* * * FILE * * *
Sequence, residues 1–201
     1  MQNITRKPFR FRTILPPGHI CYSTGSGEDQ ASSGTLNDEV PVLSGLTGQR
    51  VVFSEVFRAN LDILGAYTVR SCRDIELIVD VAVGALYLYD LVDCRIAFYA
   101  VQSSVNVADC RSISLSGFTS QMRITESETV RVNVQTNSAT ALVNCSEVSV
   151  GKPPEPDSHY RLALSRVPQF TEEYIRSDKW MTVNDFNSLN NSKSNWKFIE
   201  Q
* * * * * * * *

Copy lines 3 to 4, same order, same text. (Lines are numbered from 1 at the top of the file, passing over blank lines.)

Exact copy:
    51  VVFSEVFRAN LDILGAYTVR SCRDIELIVD VAVGALYLYD LVDCRIAFYA
   101  VQSSVNVADC RSISLSGFTS QMRITESETV RVNVQTNSAT ALVNCSEVSV